- The Washington Times - Wednesday, January 12, 2005

Hat in the ring

Former presidential candidate Howard Dean announced his candidacy for the chairmanship of the Democratic National Committee yesterday, but is keeping his options open about seeking the presidential nomination again in 2008 should he fail to win the DNC post.

Mr. Dean, the front-runner for the 2004 Democratic nomination until his candidacy collapsed after the Iowa caucuses, has said that anyone who holds the four-year party post must be ruled out as a presidential candidate. And yesterday a Dean spokeswoman confirmed that if the former Vermont governor becomes party chairman, “He will not run for president in 2008.”

But if Mr. Dean loses the DNC contest, “He’ll consider other things and everything is on the table,” spokeswoman Laura Gross told reporter Don Lambro of The Washington Times. “Right now, he is focused on the vote for chairman in February.”

In a letter to DNC members formally announcing his candidacy, Mr. Dean said: “The Democratic Party needs a vibrant, forward-thinking, long-term presence in every single state. We must be willing to contest every race at every level. We can only win when we show up.”

Unmarked package

Timothy Roemer, a former September 11 commissioner and former Indiana congressman, entered the race for Democratic National Committee chairman only three days ago, “but judging from the pushback he’s generating from other Dems, he’s already a front-runner,” John Mercurio writes in the Morning Grind column at www.cnn.com.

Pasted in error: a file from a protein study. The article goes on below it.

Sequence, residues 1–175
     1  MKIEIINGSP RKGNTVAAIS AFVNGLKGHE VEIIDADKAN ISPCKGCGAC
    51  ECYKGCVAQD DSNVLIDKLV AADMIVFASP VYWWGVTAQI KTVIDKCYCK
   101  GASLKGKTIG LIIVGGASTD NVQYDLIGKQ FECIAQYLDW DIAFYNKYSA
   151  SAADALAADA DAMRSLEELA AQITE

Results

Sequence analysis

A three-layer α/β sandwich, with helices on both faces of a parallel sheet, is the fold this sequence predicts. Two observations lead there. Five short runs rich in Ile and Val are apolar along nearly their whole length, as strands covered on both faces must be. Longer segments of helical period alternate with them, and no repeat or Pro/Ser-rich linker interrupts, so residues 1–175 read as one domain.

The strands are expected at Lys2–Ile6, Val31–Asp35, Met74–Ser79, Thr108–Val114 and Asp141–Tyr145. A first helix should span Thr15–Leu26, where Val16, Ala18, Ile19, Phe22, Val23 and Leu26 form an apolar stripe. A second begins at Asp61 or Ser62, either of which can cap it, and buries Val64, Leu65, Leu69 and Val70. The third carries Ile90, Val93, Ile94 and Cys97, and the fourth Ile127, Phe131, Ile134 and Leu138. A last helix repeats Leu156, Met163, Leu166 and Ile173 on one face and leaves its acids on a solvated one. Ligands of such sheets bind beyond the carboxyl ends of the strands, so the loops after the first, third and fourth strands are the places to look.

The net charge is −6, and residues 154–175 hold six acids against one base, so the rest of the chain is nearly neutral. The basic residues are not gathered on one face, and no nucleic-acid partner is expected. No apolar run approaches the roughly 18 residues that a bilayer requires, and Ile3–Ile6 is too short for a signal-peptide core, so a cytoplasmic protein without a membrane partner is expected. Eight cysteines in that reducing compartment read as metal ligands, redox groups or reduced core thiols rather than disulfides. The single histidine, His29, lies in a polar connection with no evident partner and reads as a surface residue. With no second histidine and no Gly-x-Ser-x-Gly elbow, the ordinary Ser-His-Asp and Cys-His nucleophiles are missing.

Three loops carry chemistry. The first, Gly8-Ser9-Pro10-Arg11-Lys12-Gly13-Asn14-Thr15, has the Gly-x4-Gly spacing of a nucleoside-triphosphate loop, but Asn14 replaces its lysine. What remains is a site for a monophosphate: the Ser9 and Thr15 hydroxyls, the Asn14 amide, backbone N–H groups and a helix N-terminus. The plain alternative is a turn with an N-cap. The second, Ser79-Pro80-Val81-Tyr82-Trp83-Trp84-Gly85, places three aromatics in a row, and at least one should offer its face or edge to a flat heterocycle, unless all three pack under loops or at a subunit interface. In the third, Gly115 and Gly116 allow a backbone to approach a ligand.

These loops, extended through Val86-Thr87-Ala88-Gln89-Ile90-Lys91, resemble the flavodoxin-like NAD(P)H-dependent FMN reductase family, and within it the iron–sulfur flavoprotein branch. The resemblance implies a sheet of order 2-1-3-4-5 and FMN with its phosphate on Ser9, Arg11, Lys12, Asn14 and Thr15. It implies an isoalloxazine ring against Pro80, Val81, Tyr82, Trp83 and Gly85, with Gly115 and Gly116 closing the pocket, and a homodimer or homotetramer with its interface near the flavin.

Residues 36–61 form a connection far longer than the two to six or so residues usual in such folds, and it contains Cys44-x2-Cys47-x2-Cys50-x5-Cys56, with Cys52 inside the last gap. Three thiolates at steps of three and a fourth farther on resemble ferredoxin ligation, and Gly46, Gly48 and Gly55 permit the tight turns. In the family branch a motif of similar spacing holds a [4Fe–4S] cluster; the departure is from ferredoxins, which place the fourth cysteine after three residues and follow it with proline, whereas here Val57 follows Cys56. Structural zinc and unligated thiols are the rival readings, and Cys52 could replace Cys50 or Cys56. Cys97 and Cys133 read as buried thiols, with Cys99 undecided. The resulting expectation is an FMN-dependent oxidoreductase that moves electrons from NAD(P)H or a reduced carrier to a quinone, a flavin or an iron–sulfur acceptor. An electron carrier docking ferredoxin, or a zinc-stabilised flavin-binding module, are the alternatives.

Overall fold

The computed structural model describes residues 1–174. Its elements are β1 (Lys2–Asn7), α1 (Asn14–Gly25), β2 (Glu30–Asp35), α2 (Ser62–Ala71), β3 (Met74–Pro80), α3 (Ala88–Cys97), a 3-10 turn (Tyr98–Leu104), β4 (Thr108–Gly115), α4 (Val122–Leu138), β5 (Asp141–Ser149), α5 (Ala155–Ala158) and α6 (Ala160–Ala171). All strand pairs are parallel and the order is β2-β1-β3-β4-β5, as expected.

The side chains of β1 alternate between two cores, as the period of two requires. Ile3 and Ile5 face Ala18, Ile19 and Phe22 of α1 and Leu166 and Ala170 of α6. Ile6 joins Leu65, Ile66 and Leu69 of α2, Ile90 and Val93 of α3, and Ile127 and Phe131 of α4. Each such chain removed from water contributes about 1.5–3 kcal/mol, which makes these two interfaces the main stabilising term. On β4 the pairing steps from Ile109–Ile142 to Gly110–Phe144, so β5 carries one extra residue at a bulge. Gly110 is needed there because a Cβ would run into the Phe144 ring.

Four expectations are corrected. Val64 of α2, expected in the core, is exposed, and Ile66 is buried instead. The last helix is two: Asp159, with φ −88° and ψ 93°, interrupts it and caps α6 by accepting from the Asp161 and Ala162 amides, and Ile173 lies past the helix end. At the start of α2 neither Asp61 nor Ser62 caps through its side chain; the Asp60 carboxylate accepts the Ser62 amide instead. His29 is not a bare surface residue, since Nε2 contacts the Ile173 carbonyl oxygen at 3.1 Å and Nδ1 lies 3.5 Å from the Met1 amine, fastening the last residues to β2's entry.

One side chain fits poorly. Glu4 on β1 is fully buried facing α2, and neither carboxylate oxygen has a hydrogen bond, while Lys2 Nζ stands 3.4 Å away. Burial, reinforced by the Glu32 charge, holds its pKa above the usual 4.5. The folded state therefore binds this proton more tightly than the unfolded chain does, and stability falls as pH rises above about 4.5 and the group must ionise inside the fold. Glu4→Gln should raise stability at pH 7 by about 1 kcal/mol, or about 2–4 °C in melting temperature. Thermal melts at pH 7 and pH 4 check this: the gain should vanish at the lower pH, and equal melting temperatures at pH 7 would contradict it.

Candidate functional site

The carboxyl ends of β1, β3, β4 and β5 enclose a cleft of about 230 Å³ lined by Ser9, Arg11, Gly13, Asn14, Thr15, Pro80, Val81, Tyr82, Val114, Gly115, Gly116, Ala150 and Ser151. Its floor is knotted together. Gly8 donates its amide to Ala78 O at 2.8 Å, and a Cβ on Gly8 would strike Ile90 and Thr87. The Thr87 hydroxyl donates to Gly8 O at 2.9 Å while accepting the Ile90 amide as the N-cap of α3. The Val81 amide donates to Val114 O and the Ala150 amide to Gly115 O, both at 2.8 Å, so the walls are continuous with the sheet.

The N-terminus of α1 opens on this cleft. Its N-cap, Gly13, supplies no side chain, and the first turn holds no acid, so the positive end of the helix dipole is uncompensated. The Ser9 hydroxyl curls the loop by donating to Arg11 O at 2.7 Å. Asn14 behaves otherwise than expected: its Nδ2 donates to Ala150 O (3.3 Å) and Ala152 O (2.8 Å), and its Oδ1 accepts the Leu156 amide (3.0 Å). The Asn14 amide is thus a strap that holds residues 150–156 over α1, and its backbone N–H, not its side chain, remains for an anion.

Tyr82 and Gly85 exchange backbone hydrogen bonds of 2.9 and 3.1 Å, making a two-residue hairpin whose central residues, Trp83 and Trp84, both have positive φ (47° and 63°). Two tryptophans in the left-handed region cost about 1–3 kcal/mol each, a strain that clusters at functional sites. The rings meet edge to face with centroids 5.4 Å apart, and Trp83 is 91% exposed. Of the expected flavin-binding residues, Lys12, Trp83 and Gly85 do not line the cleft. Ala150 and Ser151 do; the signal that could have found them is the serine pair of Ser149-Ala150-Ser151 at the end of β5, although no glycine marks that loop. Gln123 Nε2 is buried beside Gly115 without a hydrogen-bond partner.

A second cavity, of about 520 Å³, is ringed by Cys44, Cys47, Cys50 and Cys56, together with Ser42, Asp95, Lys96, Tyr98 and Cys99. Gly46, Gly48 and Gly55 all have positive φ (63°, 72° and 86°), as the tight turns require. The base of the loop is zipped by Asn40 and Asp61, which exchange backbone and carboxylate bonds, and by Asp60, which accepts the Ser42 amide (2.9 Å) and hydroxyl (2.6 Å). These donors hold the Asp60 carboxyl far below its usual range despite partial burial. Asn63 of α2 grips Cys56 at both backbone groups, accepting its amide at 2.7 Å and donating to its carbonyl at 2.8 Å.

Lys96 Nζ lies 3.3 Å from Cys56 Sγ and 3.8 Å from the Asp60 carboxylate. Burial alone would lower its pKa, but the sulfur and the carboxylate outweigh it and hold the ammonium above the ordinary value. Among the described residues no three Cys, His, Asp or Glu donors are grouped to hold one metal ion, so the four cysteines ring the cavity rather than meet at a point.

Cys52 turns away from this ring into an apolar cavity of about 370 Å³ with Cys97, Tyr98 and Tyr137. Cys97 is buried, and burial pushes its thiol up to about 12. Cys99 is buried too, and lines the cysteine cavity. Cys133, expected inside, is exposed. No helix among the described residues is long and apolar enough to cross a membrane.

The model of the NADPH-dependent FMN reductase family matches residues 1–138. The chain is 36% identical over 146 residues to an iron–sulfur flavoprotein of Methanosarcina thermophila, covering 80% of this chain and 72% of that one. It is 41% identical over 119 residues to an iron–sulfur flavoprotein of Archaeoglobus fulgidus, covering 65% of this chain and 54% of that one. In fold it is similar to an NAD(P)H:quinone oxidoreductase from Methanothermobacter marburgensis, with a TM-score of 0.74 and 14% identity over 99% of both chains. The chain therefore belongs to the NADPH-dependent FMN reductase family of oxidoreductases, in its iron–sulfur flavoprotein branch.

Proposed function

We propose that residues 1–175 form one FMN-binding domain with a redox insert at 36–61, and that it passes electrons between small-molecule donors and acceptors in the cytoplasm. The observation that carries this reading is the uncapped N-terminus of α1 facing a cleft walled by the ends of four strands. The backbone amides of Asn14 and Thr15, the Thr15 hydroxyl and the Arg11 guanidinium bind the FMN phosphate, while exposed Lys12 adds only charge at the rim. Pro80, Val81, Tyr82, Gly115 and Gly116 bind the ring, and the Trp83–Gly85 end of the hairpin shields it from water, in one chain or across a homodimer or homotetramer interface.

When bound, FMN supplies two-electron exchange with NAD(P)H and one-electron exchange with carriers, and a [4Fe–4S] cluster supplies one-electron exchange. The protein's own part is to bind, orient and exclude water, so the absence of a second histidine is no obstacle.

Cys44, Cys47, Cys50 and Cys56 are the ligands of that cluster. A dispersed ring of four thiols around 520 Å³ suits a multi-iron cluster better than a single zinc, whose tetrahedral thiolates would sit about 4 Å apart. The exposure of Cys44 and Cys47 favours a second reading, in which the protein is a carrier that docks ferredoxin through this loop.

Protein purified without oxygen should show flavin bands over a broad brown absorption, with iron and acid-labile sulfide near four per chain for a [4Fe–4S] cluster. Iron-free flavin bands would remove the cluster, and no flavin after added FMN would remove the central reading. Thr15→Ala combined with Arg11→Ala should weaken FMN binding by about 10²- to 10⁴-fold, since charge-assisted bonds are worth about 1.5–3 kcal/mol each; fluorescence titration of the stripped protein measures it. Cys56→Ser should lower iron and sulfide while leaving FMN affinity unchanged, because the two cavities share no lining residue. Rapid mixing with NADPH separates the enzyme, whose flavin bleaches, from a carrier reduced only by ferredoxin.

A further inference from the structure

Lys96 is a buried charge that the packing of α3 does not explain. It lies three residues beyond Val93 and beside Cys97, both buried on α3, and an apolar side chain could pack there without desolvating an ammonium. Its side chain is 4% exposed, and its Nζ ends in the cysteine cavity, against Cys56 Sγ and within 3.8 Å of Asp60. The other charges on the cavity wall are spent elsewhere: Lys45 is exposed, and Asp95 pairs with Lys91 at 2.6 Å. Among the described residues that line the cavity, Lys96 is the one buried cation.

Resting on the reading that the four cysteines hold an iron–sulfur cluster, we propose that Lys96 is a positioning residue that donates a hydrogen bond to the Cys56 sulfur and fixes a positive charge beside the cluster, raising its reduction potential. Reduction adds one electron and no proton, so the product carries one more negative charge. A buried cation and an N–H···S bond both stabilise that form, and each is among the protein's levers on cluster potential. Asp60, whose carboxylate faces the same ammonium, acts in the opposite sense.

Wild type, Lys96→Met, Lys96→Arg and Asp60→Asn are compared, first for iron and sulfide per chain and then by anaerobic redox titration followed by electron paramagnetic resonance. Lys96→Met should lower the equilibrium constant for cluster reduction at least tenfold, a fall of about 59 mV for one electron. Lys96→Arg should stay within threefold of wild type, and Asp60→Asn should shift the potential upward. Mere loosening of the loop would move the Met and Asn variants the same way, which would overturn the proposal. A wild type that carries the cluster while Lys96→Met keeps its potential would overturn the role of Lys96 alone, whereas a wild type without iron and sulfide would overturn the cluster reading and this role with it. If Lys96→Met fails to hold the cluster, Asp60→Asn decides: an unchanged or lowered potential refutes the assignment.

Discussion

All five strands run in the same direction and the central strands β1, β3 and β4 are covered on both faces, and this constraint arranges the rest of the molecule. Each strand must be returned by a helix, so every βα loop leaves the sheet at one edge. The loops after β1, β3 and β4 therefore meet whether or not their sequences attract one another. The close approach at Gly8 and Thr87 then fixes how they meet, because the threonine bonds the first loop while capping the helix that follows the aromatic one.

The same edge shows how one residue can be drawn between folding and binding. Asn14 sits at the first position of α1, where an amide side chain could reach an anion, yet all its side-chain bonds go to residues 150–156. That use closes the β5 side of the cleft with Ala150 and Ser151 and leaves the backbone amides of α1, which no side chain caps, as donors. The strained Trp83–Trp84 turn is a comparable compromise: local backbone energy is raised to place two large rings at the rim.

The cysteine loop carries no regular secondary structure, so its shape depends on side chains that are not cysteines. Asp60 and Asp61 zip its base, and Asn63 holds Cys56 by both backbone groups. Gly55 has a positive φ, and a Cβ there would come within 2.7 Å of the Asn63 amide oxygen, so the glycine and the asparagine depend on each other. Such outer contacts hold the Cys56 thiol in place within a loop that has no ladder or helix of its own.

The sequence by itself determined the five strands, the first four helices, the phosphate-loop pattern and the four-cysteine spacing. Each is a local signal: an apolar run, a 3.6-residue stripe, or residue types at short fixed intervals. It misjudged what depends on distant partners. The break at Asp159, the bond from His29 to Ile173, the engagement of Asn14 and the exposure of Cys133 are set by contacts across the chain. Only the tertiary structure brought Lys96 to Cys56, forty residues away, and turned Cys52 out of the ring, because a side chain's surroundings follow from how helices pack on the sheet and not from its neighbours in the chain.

“At least that’s how it seemed [Monday] when the Grind received a mysterious, unmarked package of anti-Roemer research that documents everything from his fear of fund-raising to his support for Bush’s tax cuts,” Mr. Mercurio said.

“So who sent us ‘Tim Roemer’s Record?’ Unclear. Was it Martin Frost, who sees Roemer as his main challenge to becoming the anti-Dean? Frost spokesman Tom Eisenhauer denies it. Was it Simon Rosenberg? Nope, said Gil Meneses, not us. It wasn’t DonnieFowler, either, said Jamal Simmons. Wellington Webb? David Leland? Kate Michelman? What say you?”

Unlikely guest

Conservative Republican consultant Craig Shirley says he has decided to invite centrist Republican Christie Whitman to be his guest at the annual Conservative Political Action Conference (CPAC) next month.

Mrs. Whitman, a former governor of New Jersey and Environmental Protection Agency director under President Bush, says the GOP is too much in the thrall of its evangelical “right wingers” and won’t be able to turn blue states red until it caters more to “moderates” like her.

She makes that case in her new book, “It’s My Party Too.”

“This is exactly the sort of advice you and many of your fellow Northeastern ‘moderates’ have been ladling out for years,” Mr. Shirley says in a letter to Mrs. Whitman. “And when you ran for governor, you won only by listening for once to advice from conservatives in your state party who suggested that perhaps Ronald Reagan had a point.”

At CPAC, Mrs. Whitman “can learn why the GOP now controls the White House, the U.S. Senate and House and most governorships in the country,” Mr. Shirley told reporter Ralph Z. Hallow.

If she takes Mr. Shirley up on his invitation, she’ll hear speakers such as Vice PresidentDick Cheney and former Sen. Zell Miller, Georgia Democrat, who in his own book argues that Democrats slipped into minority status by leaning left in an essentially conservative America.